- "How many houses are within the evacuation radius?"
- "Which responder is closest to the call?"
- "How many more miles until the school bus needs routine maintenance?"

PostGIS and any other spatial database let you answer these kinds of questions in SQL, using ST_Distance(geom1, geom2) to return a distance, or ST_DWithin(geom1, geom2, radius) to return a true/false result within a tolerance.

```
SELECT ST_Distance(
'LINESTRING (150 300, 226 274, 320 280, 370 320, 390 370)'::geometry,
'LINESTRING (140 180, 250 230, 350 200, 390 240, 450 200)'::geometry
);
```

It all looks very simple, but under the covers there is a lot of machinery around getting a result fast for different kinds of inputs.

Distance should be easy! After all, we learn how to calculate distance in middle school! The Pythagorean Theorem tells us that the square of the hypotenuse of a right triangle is the sum of the squares of the two other sides.

So, problem solved, right?

Not so fast. Pythagorus gives us the distance between two points, but objects in spatial databases like PostGIS can be much more complex.

How would I calculate the distance between two complex polygons?

The straight-forward solution is to just find the distance between every possible combination of edges in the two polygons, and return the minimum of that set.

This is a "quadratic" algorithm, what computer scientists call `O(n^2)`

, because
the amount of work it generates is proportional to the square of the number of
inputs. As the inputs get big, the amount of work gets **very very very big**.

Fortunately, there are better ways.

The distance implementation in PostGIS has two major code paths:

- For disjoint (non-overlapping) inputs, an optimized calculation; and,
- For overlapping inputs, the brute force calculation.

Disjoint inputs are handled with a clever simplification of the problem space. Because the inputs are disjoint, it is possible to construct a line between the centers of the two inputs.

If every edge in each object is projected down onto the line, it becomes possible to perform a sort of those edges, such that edges that are near on the line are also near in the sorted lists, and near in space.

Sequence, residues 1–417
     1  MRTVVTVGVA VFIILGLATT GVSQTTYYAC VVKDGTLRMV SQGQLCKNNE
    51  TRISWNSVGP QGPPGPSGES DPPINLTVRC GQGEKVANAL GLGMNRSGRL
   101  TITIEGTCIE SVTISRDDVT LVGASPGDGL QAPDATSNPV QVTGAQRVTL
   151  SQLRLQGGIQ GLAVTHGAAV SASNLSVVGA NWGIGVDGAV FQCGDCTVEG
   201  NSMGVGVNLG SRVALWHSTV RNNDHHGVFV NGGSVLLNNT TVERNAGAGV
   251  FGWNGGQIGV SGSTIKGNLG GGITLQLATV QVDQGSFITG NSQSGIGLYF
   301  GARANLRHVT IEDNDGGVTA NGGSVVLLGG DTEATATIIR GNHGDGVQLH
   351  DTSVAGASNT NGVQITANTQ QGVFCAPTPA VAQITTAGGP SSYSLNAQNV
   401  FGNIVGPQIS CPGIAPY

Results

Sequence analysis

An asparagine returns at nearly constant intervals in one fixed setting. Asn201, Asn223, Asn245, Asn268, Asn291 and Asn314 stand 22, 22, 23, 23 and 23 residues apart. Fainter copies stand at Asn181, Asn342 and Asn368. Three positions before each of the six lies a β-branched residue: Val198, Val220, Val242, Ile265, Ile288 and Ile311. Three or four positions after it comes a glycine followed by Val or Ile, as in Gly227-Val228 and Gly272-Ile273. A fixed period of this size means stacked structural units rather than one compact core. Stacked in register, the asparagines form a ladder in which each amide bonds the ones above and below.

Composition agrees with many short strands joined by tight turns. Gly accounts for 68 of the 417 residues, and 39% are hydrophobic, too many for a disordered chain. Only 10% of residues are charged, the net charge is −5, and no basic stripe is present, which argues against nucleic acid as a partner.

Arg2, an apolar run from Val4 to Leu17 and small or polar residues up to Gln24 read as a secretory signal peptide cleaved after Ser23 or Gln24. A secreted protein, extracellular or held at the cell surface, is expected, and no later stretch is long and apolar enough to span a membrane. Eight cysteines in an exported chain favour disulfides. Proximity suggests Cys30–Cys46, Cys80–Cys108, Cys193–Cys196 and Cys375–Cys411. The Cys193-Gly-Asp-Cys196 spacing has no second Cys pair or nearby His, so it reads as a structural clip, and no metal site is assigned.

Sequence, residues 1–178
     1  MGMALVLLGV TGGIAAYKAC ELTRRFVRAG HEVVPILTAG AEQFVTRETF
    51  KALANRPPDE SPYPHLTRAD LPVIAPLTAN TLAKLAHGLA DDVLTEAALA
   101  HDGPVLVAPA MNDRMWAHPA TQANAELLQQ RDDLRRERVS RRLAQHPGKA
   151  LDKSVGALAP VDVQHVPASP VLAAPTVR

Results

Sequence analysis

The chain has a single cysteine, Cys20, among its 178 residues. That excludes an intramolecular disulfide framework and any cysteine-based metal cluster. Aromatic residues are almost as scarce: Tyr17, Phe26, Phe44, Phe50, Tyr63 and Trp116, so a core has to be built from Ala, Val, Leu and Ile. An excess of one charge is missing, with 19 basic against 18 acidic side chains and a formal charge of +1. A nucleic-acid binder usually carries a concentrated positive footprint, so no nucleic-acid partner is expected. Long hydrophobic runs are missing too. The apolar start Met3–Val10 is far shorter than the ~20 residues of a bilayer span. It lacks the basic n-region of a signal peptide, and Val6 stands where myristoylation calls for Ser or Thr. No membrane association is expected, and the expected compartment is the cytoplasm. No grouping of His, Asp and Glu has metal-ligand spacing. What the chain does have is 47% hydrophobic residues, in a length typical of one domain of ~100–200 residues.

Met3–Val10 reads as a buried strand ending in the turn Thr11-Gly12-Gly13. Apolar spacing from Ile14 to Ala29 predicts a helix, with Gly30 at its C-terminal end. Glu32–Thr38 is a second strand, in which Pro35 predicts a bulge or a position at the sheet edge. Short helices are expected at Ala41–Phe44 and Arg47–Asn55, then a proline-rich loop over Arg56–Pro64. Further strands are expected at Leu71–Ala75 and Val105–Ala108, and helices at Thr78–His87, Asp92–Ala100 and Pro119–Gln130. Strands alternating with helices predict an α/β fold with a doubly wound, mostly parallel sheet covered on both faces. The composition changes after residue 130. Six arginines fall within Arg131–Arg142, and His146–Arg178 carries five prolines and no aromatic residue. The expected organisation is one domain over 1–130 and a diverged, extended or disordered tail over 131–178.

Starting from the mid-point of each object it is relatively inexpensive to
quickly prune away large numbers of edges that are definitely **not** the
nearest edges, leaving a much smaller number of potential targets that need to
have their distance calculated.

The cost of creating the projected segments is just `O(n)`

, but the cost of the
sort step is `O(n*log(n))`

so the overall cost of the algorithm is
`O(n*log(n))`

.

This is all well and good, but what if the inputs **do** overlap? Then the
algorithm falls back to brute-force and `O(n^2)`

. Is there any way to avoid
that?

The project-and-prune approach is very clever, but it is possible to generate a spatially searchable representation of the edges even faster, by using the fact that edges in a LineString or LinearRing are highly spatial autocorrelated:

- The end point of one edge is
**always**the start point of the next. - The edges
**mostly**don't cross each other.

Basically, the edges are already spatially pre-sorted. That means it is possible to build a decent tree structure from them incurring any non-linear computational cost.

Start with the edges in sorted order. The bounds of the edges form the leaf
nodes of a spatial tree. Merge neighboring leaf nodes, now you have the first
level of interior nodes. Continue until you have only one node left, that is
your root node. The cost is `O(n) + O(0.5n) + O(0.25n) ...`

which is to say in
aggregate, `O(n)`

.

Ordinarily, building a spatial tree would be expected to cost about
`O(n*log(n))`

, so this is a nice win.

The `CIRC_NODE`

tree used to
accelerate distance calculation
for the `geography`

type is built using this process.

There is no guarantee that a tree-indexed approach will crack the overlapping polygon problem.

Disjoint polygons are very amenable to distance searching trees, because it is easy to discard whole branches of the tree that are definitionally too far away to contain candidate edges.

As inputs begin to overlap, it becomes harder to discard large portions of the trees, and as a result a lot of computation is spent traversing the tree, even if a moderate proportion of candidates can be discarded from the lower branches of the tree.

The distance calculation in PostGIS has not been touched in many years, for good reason: it's really important, so any re-write has to be definitely an improvement on the existing code, over all known (and unknown) use cases.

However, there is some already built and tested code, in the code base, which has never been turned on, the RECT_TREE.

Like the `CIRC_NODE`

tree in geography, this implementation is based on building